Advocate Interview With Liz Friedman Where She Calls Gabrielle and Xena the "perfect little butch-femme couple."
THE ADVOCATE. Pages 81-83. 1160 words.
"Flirting with Xena."
Producer Liz Friedman hits Hollywood's big
time with the series Xena: Warrior Princess.
by Anne Stockwell.
"Would I date Xena? Yeah, in a heartbeat, says
coproducer Liz Friedman, speaking of the main character
in Xena: Warrior Princess, the hit syndicated TV show
she helped to create. "Xena's perfect! She's tough,
smart, funny, and good with a sword. I'd just worry
that I wouldn't be able to keep her around."
Few TV executives would care to discuss their
homosexual attraction to the heroes of their own
programs. But the peppery 27-year-old Friedman is
ready and willing. Openly lesbian herself--"I never
had a man phase," she says flatly-- Friedman is
unabashedly thrilled to be calling the shots on a hit
series that also seems destined to become a lesbian
cult classic. "We never wrote Xena to be a lesbian,
she admits. "But it's not our show, its the audience's
show. If the fans want to read Xena that way, great."
For anyone not yet initiated, Xena is the hugely
popular offspring of the hit series Hercules: The
Legendary Journeys. Filmed in New Zealand for
Renaissance Pictures, the company run by
horrormeisters Sam Raimi and Rob Tapert, both programs
showcase Raimi's trademark mix of spine-tingling
action and deadpan humor.
Xena, played by Lucy Lawless, is a downright-surly
female warlord with a short temper and a shorter toga
who first appeared on Hercules as a bloodthirsty
villain. Now, as star of her own series, Xena roams
her mythical land determined to atone for her sins.
She defends the powerless, chastens the wicked, and
pulverizes armies of bad guys. And at the end of each
episode, Xena rides off into the sunset not with a man
but with her female sidekick, Gabrielle, played by
Renee O Connor.
The pair's bantering affection immediately pricked
up lesbian ears on the Internet, notes Friedman.
What's more, adds Judy Dlugacz, founder of Olivia
Cruises & Resorts, Xena mania has spread to the high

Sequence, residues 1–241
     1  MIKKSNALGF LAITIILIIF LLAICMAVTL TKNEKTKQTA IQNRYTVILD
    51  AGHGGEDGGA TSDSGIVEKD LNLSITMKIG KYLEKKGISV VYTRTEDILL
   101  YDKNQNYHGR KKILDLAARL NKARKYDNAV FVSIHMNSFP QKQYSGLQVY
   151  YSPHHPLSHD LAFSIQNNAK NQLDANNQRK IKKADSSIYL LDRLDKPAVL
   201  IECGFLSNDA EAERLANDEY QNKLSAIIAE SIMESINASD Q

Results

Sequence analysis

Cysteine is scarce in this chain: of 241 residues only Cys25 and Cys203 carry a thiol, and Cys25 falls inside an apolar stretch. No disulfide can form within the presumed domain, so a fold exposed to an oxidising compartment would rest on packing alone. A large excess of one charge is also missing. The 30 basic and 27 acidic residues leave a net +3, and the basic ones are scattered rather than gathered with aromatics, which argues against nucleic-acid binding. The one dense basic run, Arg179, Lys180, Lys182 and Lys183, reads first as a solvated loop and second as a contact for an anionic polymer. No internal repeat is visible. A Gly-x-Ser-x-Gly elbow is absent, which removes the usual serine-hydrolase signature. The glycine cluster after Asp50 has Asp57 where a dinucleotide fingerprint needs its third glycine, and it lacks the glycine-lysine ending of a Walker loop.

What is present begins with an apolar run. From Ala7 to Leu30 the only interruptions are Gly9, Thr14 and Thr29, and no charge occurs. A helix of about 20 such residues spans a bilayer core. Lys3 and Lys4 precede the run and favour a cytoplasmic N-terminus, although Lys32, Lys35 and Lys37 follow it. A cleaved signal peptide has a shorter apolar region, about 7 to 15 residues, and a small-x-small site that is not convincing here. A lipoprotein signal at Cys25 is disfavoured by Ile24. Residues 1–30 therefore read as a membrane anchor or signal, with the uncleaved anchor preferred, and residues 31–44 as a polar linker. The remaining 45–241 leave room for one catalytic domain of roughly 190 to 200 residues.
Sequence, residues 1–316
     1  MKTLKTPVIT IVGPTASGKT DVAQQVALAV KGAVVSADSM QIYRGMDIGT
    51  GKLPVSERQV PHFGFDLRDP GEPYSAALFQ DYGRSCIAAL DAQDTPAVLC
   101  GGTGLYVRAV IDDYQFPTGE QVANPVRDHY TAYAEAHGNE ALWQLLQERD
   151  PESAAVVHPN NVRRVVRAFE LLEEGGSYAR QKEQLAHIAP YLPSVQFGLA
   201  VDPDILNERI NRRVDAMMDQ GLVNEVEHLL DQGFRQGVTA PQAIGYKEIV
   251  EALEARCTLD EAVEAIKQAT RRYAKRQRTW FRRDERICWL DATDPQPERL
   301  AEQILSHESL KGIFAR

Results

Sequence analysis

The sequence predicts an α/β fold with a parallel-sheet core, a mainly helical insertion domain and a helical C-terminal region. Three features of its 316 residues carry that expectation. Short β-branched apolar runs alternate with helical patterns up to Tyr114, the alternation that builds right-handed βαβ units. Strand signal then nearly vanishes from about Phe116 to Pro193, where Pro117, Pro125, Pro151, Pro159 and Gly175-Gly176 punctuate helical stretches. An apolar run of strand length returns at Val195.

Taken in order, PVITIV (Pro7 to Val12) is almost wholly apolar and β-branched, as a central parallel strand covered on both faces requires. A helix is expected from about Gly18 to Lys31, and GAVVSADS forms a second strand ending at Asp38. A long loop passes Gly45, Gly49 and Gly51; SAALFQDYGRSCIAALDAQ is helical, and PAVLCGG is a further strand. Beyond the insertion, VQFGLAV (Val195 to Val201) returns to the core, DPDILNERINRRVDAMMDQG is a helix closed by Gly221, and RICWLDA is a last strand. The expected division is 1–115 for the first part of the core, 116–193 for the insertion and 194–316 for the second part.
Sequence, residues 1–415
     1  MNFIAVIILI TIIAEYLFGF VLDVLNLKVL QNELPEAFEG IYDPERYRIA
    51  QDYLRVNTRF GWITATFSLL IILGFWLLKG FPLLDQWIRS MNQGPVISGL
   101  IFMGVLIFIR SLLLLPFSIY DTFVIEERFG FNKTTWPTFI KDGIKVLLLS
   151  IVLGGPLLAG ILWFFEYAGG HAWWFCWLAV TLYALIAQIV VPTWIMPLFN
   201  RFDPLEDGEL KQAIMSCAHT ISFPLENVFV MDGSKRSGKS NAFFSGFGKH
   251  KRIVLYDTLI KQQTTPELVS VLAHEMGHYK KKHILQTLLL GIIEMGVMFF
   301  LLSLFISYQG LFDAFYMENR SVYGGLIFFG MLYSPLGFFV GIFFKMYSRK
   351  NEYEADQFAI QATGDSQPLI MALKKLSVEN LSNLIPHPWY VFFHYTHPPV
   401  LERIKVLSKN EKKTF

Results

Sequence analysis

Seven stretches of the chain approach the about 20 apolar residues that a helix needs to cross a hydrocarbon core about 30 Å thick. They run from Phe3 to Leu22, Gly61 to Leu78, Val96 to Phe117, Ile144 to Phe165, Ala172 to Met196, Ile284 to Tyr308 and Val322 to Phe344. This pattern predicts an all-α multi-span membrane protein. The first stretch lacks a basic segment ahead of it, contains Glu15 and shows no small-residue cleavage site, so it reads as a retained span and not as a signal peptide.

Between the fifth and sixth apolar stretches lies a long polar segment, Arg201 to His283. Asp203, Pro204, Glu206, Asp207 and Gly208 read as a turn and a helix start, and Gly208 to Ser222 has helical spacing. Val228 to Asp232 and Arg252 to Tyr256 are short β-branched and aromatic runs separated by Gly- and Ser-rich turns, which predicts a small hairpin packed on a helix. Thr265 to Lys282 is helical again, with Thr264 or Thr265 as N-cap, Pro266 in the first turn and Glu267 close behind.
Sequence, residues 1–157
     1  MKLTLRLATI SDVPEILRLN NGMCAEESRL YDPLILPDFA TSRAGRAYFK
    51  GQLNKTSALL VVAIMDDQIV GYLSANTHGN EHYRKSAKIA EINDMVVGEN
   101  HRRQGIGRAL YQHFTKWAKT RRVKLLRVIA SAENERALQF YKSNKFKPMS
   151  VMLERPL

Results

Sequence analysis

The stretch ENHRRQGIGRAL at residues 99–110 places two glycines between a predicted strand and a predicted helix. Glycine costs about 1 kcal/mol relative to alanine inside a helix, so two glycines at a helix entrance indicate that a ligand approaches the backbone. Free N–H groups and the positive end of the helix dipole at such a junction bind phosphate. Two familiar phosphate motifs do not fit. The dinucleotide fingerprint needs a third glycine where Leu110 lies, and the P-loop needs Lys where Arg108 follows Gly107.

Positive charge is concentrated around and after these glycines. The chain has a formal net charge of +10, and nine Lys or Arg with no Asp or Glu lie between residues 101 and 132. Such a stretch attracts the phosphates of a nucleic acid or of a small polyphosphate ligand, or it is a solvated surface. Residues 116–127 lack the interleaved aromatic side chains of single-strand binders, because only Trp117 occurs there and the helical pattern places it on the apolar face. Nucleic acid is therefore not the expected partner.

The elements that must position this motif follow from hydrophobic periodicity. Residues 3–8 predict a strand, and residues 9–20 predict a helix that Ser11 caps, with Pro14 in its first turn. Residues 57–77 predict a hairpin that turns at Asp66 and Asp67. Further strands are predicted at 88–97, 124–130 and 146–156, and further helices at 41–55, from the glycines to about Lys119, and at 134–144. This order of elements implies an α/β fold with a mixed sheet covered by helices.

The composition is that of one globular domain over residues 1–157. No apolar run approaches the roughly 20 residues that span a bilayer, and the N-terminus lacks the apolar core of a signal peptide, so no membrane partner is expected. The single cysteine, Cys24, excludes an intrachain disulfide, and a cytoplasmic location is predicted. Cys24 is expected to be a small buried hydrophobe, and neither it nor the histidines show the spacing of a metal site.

seas. "The first Xena group came aboard for a cruise
in June," she reports. "They brought costumes,
jackets, everything they needed for a weekend of
crazed warrior-princess behavior. I think its the
beginning of a new and expanding cult."
For Friedman, all this adulation reflects a sad
vacuum on traditional television. "The reaction to
Xena shows how few substantive portrayals of women's
friendships we see on TV," she observes. "In terms of
what's explicitly presented, Xena and Gabrielle are
very close friends who, I do believe, love each other,
whether or not there's a degree of sexual intimacy."
of a future male love interest for the warrior
princess--Friedman and company have welcomed Xena's
lesbian fans, even writing sapphic double entendres
into scripts. "One episode starts with the camera
looking at some bushes," Friedman explains. "We hear
Gabrielle asking, 'How was that?' Xena answers, 'Very
nice!' Gabrielle says, 'Really? I wasn't sure," and
Xena replies, 'No, no, you're doing great.' The we see
them, And they're fishing--naked!"
"They're such a perfect little butch-femme
couple," Friedman concludes, laughing. "What they do
between episodes, I don't know." [around this point
there is a picture of Xena and Gabrielle. Xena has
sword in hand, glaring toward unseen attackers, and is
motioning "stay back" to Gabrielle, beside and behind
[Caption reads: "Galloping gal pals: Lawless,
Actually, it seems doubtful there's anything about